NORMAN — When people talk about having spells of good luck, they seldom mean it literally.
But at the Central Oklahoma Spelling Bee that took place Saturday at the University of Oklahoma, Cole Schafer-Ray was thinking exactly that.
The sixth-grader from Alcott Middle School in Norman won the bee with the word “phlox,” defined as any of a genus of red, purple, or white flowers.
But before Schafer-Ray could make it to the final round, he had to spell words like “hegemonic” and “exaugural.”
Some, like “dowager” and “peculate,” the 12-year-old had never heard before.
“Those two were definitely the hardest,” Schafer-Ray said. “I just had to guess.”
Of course, Schafer-Ray's victory wasn't simply luck.
He has been participating in spelling bees since second grade, and this is his third year to make it to the state-level bee.
“I read over the spelling lists a lot,” he said of his preparations for the bee. “My brother is my coach. He got second place in state when he was in eighth grade.”
Schafer-Ray will advance to the Scripps National Spelling Bee in May in Washington, D.C.
He also won a copy of Webster's Third New International Dictionary, a two-night stay in one of Oklahoma's state parks, a year's subscription to the Britannica Online Encyclopedia, and the Samuel Louis Sugarman Award.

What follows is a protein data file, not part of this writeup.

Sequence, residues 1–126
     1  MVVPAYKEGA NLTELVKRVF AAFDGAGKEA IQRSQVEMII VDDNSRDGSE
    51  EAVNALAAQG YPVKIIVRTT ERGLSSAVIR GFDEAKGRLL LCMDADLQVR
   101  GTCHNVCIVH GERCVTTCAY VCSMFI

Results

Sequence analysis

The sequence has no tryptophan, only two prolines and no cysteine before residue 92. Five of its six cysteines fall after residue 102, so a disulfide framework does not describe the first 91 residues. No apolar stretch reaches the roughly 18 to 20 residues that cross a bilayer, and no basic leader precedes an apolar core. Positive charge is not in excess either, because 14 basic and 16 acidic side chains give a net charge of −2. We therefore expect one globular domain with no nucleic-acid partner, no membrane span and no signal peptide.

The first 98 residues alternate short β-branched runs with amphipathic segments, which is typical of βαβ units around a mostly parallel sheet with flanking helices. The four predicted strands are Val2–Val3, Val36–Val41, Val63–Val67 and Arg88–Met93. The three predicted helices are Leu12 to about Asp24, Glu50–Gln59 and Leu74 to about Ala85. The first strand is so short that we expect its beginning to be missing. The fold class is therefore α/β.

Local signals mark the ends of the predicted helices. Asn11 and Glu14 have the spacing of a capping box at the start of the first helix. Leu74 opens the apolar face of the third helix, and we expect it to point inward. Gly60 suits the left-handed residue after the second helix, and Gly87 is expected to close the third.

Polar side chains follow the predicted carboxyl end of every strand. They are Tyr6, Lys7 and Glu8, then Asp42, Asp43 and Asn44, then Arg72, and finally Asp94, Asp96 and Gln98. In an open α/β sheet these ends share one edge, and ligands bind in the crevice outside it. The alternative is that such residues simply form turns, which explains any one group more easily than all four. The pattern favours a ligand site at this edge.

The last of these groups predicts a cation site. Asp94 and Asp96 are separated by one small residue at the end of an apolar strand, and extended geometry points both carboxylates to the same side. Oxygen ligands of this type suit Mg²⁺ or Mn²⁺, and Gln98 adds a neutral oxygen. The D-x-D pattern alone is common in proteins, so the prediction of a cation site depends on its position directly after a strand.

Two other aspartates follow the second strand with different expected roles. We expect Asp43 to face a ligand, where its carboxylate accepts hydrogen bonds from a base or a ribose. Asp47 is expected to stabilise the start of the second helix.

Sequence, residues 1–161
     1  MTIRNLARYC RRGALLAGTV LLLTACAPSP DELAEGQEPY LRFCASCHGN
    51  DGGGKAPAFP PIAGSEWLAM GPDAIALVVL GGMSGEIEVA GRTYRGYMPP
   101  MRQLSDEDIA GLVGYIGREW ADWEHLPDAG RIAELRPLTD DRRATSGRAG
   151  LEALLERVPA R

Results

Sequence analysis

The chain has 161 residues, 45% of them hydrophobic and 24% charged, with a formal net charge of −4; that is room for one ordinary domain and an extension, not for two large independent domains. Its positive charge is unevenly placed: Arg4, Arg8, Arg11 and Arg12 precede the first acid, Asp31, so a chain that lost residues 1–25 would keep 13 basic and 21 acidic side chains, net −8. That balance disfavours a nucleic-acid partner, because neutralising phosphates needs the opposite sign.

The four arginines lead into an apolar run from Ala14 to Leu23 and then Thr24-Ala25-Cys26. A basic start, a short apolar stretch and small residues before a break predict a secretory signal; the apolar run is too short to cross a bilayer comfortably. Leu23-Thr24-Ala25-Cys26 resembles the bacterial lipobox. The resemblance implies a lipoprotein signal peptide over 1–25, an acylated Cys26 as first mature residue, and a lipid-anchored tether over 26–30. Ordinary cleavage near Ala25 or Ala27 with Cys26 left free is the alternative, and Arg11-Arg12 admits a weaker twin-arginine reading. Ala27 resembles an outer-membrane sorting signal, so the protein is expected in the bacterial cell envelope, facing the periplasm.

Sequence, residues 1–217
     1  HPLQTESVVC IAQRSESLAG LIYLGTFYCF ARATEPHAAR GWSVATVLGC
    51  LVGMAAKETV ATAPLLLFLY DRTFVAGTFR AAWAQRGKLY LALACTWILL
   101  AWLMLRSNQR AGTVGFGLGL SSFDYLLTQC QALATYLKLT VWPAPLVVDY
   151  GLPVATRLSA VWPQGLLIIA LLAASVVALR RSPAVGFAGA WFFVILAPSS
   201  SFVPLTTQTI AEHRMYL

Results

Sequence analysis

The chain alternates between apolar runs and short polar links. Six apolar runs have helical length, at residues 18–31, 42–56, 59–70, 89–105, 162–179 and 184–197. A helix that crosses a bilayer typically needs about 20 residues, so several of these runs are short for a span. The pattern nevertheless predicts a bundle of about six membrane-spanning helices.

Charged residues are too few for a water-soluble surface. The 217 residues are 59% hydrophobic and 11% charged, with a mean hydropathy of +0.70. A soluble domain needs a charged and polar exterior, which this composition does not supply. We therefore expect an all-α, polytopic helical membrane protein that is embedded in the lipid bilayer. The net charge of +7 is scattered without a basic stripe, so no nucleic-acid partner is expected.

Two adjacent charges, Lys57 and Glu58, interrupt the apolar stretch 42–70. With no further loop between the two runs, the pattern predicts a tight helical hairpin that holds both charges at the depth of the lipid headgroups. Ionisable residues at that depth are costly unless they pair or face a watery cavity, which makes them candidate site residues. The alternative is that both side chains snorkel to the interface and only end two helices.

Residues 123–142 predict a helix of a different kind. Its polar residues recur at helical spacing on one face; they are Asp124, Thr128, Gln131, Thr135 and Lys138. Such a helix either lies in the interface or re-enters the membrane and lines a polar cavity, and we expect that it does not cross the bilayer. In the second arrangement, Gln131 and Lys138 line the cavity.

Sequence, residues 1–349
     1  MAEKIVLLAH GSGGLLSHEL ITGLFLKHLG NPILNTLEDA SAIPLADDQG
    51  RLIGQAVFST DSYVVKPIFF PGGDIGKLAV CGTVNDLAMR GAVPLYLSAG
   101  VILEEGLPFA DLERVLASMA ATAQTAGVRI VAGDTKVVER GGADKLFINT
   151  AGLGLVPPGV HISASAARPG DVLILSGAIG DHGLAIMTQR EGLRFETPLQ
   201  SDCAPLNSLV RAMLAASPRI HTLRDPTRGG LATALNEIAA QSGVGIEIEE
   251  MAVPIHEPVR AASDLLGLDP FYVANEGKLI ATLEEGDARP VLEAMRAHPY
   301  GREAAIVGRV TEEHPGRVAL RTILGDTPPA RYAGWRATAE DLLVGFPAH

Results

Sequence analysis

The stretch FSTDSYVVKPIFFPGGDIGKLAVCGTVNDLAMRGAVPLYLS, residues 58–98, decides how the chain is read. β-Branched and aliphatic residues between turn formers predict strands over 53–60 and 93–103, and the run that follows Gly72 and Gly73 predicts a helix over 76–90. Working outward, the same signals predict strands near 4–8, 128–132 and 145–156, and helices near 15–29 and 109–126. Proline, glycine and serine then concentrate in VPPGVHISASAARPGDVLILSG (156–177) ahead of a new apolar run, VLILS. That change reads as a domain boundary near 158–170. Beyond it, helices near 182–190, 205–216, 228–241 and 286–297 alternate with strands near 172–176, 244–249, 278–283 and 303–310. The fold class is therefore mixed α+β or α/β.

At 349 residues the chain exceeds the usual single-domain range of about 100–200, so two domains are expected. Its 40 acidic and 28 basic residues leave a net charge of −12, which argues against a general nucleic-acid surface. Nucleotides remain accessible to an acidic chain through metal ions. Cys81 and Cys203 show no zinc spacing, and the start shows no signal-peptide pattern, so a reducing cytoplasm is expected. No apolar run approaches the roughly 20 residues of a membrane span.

Michael Mandanas, of Edmond, was the runner-up Saturday.
A seventh-grader at Heritage Hall, Mandanas spelled “mobiliary” correctly to advance to the final round, but misspelled “discrete.”
“I'm planning on coming back next year, though,” he said.
Mandanas was the runner-up in the 2012 state bee, and he placed first in his regional spelling bee earlier this year.
This year the competition was especially intense, going into 26 rounds, nearly five hours, as compared to last year's 14 rounds.
The students successfully rattled off spellings of words like “Weissnichtwo,” “gnathonic” and “roodebok” — and those were just in the preliminary rounds.
For anyone wondering, those words are a term for imaginary place, an insulting word, toadying, and a species of African antelope.
Tensions were high as the rounds grew increasingly difficult.
Still, there were some humorous moments.
When spelling the word “synchronous,” Calvin Tolbert, of Casady School in Oklahoma City, gave the first eight letters and shouted, “OU!” to the delight of Sooner fans in the audience, before finishing the word.
Tolbert was one of eight contestants remaining by the 16th round but misspelled “pickelhaube,” a type of helmet worn by German soldiers in the 19th century.